In the summer of 2019, I received my first internship with a Christian community nonprofit in South Baltimore. One of my main roles as an intern for the nonprofit was creating summer educational programming for the community’s children. During one of our devotional times, I asked a fifth-grade girl to read a passage out of the Bible. To my dismay, her brother took me aside and told me his sister couldn’t read well. I proceeded to encourage another child to read and went to my boss after the class to ask if this was a common occurrence. Sadly, my boss explained low literacy levels were all too common among many of the children. The reason? They were stuck in the local public school, which like many public schools continues the asinine practice of underperforming and undeserving this generation’s youth.
Coming from a family of teachers, I understand the value of a good education. I know how important it was to my family’s economic mobility. Learning that these children in my community lacked access to good schooling was disheartened to say the least. Why were they stuck? Why couldn’t they access more education options? Curiosity got the best of me; so I did as any good Gen-Z member would do: I hopped online and used my research skills to figure it out. Throughout my research, one policy kept cropping up as a primary reason why American children don’t have equal access to education: That was the policy of “residential assignment.”
Residential assignment is the practice of assigning children to their respective schools via their home address. The residential assignment process might not be as extensive a problem if we had an equitable education funding system — where the funding can be used to follow the student’s needs and not the system’s — but we don’t. Funding for schools is mainly based on property taxes. The result? Kids from low-income neighborhoods are placed in low-income schools, while kids from wealthy families in high-income neighborhoods are placed in high-income schools with greater resources allowing the students to perform much better.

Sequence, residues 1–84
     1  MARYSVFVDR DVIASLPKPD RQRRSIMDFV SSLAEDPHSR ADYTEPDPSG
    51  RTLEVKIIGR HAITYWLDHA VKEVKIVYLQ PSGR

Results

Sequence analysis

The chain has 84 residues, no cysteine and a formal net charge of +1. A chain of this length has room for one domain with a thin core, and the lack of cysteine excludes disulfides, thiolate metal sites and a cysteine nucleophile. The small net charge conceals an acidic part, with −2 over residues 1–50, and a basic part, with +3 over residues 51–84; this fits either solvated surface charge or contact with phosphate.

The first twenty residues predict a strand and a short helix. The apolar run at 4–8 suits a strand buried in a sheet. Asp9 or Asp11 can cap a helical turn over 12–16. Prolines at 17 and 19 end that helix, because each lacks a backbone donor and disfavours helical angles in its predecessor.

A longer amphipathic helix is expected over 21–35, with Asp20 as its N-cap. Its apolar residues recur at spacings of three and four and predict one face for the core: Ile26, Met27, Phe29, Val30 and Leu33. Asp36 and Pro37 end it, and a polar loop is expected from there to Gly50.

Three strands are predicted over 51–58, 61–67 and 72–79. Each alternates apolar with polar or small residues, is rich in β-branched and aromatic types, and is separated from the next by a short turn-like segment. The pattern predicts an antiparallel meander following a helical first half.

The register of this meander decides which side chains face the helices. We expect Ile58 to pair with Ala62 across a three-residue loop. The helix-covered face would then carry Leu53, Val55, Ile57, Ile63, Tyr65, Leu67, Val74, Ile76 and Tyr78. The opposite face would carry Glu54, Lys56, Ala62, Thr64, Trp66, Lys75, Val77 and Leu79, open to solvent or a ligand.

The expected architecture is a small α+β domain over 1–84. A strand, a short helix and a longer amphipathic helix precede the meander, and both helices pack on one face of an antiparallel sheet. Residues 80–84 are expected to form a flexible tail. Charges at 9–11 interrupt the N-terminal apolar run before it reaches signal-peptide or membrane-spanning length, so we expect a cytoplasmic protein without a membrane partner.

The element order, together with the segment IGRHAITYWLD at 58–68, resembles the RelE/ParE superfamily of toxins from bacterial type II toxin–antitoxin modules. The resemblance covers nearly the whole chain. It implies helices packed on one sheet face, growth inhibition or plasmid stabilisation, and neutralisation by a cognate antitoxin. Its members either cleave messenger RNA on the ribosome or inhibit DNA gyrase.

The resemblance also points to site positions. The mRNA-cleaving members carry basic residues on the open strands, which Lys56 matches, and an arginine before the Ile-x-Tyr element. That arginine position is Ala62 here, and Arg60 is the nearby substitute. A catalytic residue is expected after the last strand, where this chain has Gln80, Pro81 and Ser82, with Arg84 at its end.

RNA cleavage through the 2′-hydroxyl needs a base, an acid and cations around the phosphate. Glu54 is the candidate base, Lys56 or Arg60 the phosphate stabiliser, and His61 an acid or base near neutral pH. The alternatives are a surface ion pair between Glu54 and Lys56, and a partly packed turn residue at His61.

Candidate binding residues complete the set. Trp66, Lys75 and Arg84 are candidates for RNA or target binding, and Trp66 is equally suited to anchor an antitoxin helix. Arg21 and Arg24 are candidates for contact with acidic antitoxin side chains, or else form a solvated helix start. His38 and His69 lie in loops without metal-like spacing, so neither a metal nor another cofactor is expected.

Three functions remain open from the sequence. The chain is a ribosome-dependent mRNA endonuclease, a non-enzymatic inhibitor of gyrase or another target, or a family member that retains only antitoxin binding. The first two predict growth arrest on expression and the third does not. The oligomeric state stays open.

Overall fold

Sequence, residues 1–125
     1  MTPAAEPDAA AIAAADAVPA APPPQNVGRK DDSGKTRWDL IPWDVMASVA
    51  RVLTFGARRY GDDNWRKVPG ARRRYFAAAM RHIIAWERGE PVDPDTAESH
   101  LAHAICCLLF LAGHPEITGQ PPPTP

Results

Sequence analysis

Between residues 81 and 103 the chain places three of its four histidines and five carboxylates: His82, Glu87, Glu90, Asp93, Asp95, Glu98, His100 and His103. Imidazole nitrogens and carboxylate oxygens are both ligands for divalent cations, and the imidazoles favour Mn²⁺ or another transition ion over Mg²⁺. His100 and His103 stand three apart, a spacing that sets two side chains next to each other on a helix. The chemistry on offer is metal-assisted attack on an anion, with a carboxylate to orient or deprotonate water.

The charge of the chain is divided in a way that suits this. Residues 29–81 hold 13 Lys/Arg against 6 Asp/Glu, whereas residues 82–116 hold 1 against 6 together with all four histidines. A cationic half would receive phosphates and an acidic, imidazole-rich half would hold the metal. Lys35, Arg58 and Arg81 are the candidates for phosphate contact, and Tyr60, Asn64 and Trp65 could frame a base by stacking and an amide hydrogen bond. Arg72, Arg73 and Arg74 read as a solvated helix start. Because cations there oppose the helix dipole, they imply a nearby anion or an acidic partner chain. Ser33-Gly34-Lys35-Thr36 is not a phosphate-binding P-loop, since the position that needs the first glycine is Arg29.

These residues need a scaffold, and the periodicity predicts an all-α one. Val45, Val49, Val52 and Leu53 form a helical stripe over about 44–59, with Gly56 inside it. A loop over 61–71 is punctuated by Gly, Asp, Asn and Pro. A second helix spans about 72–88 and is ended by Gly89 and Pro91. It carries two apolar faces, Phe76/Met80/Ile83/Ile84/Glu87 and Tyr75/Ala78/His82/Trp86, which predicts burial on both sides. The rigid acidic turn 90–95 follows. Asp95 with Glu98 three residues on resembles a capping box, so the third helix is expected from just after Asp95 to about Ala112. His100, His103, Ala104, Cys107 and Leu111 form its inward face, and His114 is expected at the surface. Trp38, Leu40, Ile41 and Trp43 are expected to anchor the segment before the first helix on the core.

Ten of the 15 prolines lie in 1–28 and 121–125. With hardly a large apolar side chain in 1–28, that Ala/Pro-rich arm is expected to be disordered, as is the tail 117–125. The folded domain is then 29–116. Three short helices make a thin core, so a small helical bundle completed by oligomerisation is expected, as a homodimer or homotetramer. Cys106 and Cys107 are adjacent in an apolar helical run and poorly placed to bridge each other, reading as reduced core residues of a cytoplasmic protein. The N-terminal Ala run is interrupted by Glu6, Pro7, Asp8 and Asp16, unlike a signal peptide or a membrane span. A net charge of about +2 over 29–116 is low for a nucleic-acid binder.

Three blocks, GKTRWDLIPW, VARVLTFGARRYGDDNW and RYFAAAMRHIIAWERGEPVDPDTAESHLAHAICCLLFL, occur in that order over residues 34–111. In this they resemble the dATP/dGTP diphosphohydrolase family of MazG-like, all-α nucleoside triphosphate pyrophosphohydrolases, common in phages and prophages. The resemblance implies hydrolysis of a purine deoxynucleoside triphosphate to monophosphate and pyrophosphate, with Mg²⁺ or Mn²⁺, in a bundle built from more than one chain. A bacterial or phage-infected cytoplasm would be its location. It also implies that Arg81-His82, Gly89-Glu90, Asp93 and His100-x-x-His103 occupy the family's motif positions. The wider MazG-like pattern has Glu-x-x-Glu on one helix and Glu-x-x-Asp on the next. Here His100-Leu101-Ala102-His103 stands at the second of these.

This process seems wrong to me, as a young American. Why do we force children from specific neighborhoods to attend worse public schools than children who happen to live in an area where there’s more wealth? In many other areas of life, Americans are provided individualized choices that tailor price, convenience, and location to their specificities. Think clothing, groceries, gas, restaurants and entertainment — for all of these, we get to choose what suits our individual wants and needs. Why is it any different for education?
Many of my peers agree with me, but we’re not alone. Millennials echo these sentiments in support of choice as well; in a study done by GenForward, millennials consistently supported school choice policies across racial and ethnic lines. Still, despite the high support from younger generations and increases in choice with the creation of charter and magnet schools, over 70 percent of students continue to attend their assigned public schools.
Moving forward, to allow children more options at a better education that is individualized to them, we should end residential assignment policies. Even better, we should improve how we finance schools by putting power into families’ hands by funding the student and not the system with Education Savings Accounts. They give students and families education dollars to use toward the school of their choice. In fact, many state legislatures have active legislation for education savings accounts pending right now, which may be passed allowing students immediate access to funds that can help them gain access to an education tailored for them.
Students from the community of South Baltimore and across the country have been negatively affected by residential assignment repercussions and a lack of school choice for far too long. It is time for my generation to put pressure on our failing public school system by advocating for states to act. Implementing Education Savings Accounts and stopping residential assignment is an excellent first step toward an America that increasingly provides quality education access for all, while simultaneously holding the poorly constructed public education system accountable.